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April 21, 2024

Our family's Easter brunch

Since all of us in the family are restaurateurs and excellent cooks, our Easter brunch was, if I may say so, an amazing feast! To start, my granddaughter placed three large plates of fresh, nicely cut fruit on the table, filled with strawberries, raspberries, cherries and blueberries. The youngest kids climbed onto their chairs in no time and reached out their hands and raided the colourful plates. A few minutes later, their cheeks were coloured blue and pink, and their small aprons stained with raspberry juice.

I’d prepared the crêpe mix the night before, but as soon as my daughter walked into the kitchen, she took control of the helm. She still had to assemble the various elements of each service. With her daughter by her side, they first prepared over 20 crêpes filled with different garnishes: spinach-feta, ham and Swiss cheese, bacon-cheddar and delicious apples brushed with homemade caramel. They were all kept warm on the stove’s hot plate.

My daughter and her daughter then cooked all the meat traditionally found in a good French Canadian breakfast and placed it on the table alongside a big tureen filled with baked beans, a big plate of smoked salmon garnished with capers and red onions, a large bowl of roasted potatoes, my famous cretons and a nice spread of homemade jams: strawberry, raspberry, blueberry, orange and citrus marmalade. I’ve long had a knack for making delicious jams. I never measure anything and my middle finger is my helper, letting me know when it’s time to turn off the heat. It never fails!

My eldest son’s sons were tasked with preparing a variety of breads, toast, bagels and croissants. They cut the butter into little squares that they placed in small dishes to be arranged in front of each place setting. Then the 15 adults sat down at the table and the feast began. As they’d already swilled their coffee while talking, they switched to orange juice. Heavens! I still remember the fresh orange juice I forbade the employees and my own kids from drinking while they were working at the restaurant. In those days, the juice imported directly from Florida was expensive and precious. No one was allowed to drink any of it except the customers who paid for it.

I was left penniless in 1987 when I opened our first small restaurant. It was an old wreck of a snack bar that had been closed for two years. I remember it like it was yesterday: a 29-seat room covered in cobwebs that I bought after selling our house in the suburbs. I’ll never understand why my young kids and I immediately fell in love with the place.

Perhaps this was a new adventure for them? Maybe this was my opportunity to build a brilliant destiny for myself? We had to scrub, clean, paint, sew a few nice aprons and write our menu on the walls. I never could have imagined in those days that I would create an exceptional breakfast restaurant concept. Living in a third-floor apartment on a commercial street in Montreal near our tiny eatery, the kids got used to the city cacophony, public transportation and the sleepless nights their mom spent inventing new breakfast dishes.

My daughter and her daughter are at the stove ready to take omelette orders. Over 15 bowls filled with omelette garnishes are lined up on the counter next to them. Service is running smoothly! By the sounds of it, you would think that all the adults haven’t eaten even a crumb in three days! Seated at the end of the table, my eyes sneak a look at each of my guests’ face. They are hungry, thirsty and are relishing their food.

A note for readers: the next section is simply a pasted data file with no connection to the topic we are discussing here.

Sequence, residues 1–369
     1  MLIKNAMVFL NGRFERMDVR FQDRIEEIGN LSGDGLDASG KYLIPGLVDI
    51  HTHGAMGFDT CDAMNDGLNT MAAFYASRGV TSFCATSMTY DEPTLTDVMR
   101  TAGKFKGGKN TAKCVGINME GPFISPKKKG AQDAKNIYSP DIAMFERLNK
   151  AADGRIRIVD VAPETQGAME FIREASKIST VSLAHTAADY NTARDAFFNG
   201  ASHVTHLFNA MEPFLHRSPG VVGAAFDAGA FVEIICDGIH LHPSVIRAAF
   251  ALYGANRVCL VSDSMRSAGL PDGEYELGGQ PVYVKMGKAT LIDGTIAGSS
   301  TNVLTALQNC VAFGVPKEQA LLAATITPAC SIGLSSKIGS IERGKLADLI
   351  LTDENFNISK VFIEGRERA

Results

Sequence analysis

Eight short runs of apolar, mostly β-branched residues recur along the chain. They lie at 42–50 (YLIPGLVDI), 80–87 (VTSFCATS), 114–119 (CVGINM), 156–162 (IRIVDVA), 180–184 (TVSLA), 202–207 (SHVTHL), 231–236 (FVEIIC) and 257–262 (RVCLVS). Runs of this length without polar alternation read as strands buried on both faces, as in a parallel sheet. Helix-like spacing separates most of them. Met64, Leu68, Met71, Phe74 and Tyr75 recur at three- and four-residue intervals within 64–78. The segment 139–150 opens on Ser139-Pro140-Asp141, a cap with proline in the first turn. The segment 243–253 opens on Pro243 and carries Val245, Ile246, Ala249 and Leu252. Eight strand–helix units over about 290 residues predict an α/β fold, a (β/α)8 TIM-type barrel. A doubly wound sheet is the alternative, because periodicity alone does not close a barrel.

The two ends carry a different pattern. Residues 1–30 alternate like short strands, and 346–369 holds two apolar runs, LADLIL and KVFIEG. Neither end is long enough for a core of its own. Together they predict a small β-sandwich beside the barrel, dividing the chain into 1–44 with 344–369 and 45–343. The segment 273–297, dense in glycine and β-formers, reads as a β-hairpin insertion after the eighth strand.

My oldest son congratulates the cooks, thanking them warmly. He volunteers for dishwashing even before he’s done eating his main course. His girlfriend says she’ll assist. Dear Josée is a very good cook herself; she especially excels at roasting meat and her man, a big eater, couldn’t be happier.

All the guests are content. The youngest ones ate earlier, and they’re now running around in the big house, playing hide-and-seek and having fun with the toys their grandfather (my oldest son) brings them each time he sees them. All the adults are helping themselves to more coffee and chit chat like they haven’t seen each other in 10 years. Then Josée stands up and orders me to stay seated.
– “You’ve done enough already, mother-in-law! I’ll take care of the dishes.”

When the conversations finally dwindle, my children’s children get up and raid the leftovers, like they always do when they come to grandma’s house! Again, my daughter and her daughter busy themselves wrapping up the pastries, crêpes, meat, baked beans, cheese and the other leftovers on the table. You have to be quick to get what you want! When the table is empty and the stove and counters wiped clean, the young ones help with the dishes. Soon the kitchen sparkles and the adults move to the living room. It’s time to digest, continue conversations and tell me repeatedly how everything was delicious. I can hardly take any credit; I just have to get them together. At Christmas, Easter and a great-grandson’s birthday.

How many more Easter brunches will I be able to host? Time goes by so fast! Three more short years and I’ll be 80. Perhaps I’ll have crooked fingers, cracked kneecaps and my memory will be gone? I’ll forget my superb cretons recipe, my great-grandsons’ ages and maybe my daughter-in-law’s address? For now, I still have my head on straight and I intend to enjoy every family occasion and celebration to the fullest!